The survival of most polar bear subpopulations in the Arctic could be jeopardized by 2100, owing to sea-ice declines caused by global warming that force the animals onto land where they are food deprived and must live off of stored fat. The study, published in Nature Climate Change, estimated thresholds for how long polar bears can fast for before cub and adult survival begin to decline rapidly. It found that such thresholds may have been reached already in several subpopulations.
Polar bears rely on sea ice to hunt, and when ice is absent, they are forced onto land where they are deprived of food. As Arctic sea ice declines in response to warming temperatures, polar bears must fast for longer periods. However, the limit on how long polar bears can fast before the survival of adults and cubs begins to decline is unknown.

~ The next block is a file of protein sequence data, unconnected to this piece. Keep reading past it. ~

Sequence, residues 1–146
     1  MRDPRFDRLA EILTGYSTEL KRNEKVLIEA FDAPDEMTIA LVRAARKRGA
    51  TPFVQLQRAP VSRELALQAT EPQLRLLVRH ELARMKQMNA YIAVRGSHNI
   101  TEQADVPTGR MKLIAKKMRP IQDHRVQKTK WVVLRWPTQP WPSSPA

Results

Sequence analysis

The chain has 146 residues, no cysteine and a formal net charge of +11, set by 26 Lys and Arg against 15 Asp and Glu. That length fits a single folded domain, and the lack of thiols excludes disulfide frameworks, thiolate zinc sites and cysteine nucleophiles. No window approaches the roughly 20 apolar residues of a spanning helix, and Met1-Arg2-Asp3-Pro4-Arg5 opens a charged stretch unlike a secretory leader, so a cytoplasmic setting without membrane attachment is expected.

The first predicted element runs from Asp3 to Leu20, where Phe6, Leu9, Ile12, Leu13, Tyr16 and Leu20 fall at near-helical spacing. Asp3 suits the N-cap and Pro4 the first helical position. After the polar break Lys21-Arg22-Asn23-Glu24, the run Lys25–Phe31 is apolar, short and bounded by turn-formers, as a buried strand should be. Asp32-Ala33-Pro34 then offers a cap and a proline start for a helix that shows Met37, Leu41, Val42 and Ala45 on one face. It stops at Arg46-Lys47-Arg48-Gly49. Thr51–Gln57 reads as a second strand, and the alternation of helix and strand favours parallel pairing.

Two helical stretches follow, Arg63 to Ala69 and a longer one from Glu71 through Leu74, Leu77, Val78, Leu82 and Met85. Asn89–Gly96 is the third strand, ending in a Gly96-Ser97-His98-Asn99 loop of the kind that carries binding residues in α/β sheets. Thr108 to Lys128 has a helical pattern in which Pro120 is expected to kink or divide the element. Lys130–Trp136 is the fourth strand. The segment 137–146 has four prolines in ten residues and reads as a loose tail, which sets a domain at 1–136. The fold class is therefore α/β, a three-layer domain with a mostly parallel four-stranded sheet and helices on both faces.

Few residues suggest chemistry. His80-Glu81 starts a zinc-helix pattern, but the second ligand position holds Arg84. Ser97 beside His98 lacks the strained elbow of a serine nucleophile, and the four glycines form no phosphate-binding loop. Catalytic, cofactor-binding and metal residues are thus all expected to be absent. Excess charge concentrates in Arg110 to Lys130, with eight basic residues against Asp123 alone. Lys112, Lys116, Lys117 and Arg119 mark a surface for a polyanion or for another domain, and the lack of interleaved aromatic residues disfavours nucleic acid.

Péter Molnár and colleagues used dynamic energy budget models to determine the energy requirements of fasting polar bears and the thresholds that would limit survival. They combined this with an Earth Systems Model that predicted the number of future ice-free days in order to estimate when thresholds would be surpassed for 13 subpopulations, representing 80% of all polar bears.
The authors note the limitations of the research, including the use of a single Earth System Model and the lack of energy budget data from several subpopulations.
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